Back from USCAP meeting in Denver this week. Have attended this 10 of past 11 years and think this year’s was the best. Certainly the biggest and best laid out in recent memory. More of an international audience as well, presumably given weaker dollar, travel to US more affordable.
Scientific sessions outstanding and evening lecture presented by Dr. Christopher Fletcher, a well-known (soft tissue) pathologist at BWH-HMS, presented a frank look at the challenges and opportunities facing practicing pathologists and impact to academic anatomic pathology departments.
Of note pertinent to this blog was the visibility of digital pathology. It was everywhere at the meeting. Of course images, including whole slide are now available as opppesed to the old days when glass slides were sent weeks before the meeting (ideally) and return of such slides was required to obtain your "tickets" to the courses. Broken or lost slides were billed seperately. Long gone are the slide projectors and the giants of the field carrying stacks and stacks of carousels. Following the meeting in years past a set of kodachromes would be mailed. Handouts with pertinent clinical history, diagnosis and discussion were distributed prior to the scientific sessions. That of course is also online at USCAP’s eKnowledge Hub. Ironically, this information was hard to come by unless you registered for and attended those sessions. Even the evening specialty sessions open to all discouraged taking handouts unless you intended on attending the session that night. Posters submitted electronically for printing and pick up at the meeting can also be viewed. Residents carrying poster tubes through the airport are no longer as common. Far more were viewing slides from the talks on their iPhones rather than carrying slide holders to get into the session in the first place.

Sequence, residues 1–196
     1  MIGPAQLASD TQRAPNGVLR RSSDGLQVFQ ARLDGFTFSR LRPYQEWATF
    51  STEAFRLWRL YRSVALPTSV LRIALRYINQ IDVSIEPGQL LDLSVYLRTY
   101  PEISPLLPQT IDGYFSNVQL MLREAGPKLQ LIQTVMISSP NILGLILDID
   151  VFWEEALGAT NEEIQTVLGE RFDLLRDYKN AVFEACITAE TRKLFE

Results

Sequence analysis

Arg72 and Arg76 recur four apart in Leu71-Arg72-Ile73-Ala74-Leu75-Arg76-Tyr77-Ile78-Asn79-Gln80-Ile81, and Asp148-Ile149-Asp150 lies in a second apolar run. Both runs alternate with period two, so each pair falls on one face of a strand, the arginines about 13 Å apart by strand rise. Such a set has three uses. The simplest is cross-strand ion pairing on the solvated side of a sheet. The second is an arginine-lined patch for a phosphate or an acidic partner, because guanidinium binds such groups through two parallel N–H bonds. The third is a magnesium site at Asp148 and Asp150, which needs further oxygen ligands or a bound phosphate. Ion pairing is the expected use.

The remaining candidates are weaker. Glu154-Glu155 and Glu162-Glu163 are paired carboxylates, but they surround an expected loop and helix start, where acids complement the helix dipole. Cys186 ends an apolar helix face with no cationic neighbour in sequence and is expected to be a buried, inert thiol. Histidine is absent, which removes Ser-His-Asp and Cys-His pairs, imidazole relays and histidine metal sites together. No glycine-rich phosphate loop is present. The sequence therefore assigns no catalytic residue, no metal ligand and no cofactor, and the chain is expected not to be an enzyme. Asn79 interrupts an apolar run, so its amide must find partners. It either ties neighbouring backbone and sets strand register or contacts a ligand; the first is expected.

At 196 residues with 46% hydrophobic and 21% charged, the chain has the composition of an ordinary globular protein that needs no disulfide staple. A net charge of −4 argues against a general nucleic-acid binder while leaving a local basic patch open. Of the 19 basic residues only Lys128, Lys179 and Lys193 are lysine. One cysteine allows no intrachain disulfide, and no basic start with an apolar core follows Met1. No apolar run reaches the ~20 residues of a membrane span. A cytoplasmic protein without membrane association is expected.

While most vendors in the spacious exhibit hall commented less traffic overall, the vendors with products and applications pertinent to this space reported increased interest and knowledge among the attendees.
New and old vendors, new software releases, new platforms, enhanced scanning, viewing, quicker, cheaper, easier, with enhanced practical tools and uses — all signs of a healthy marketplace.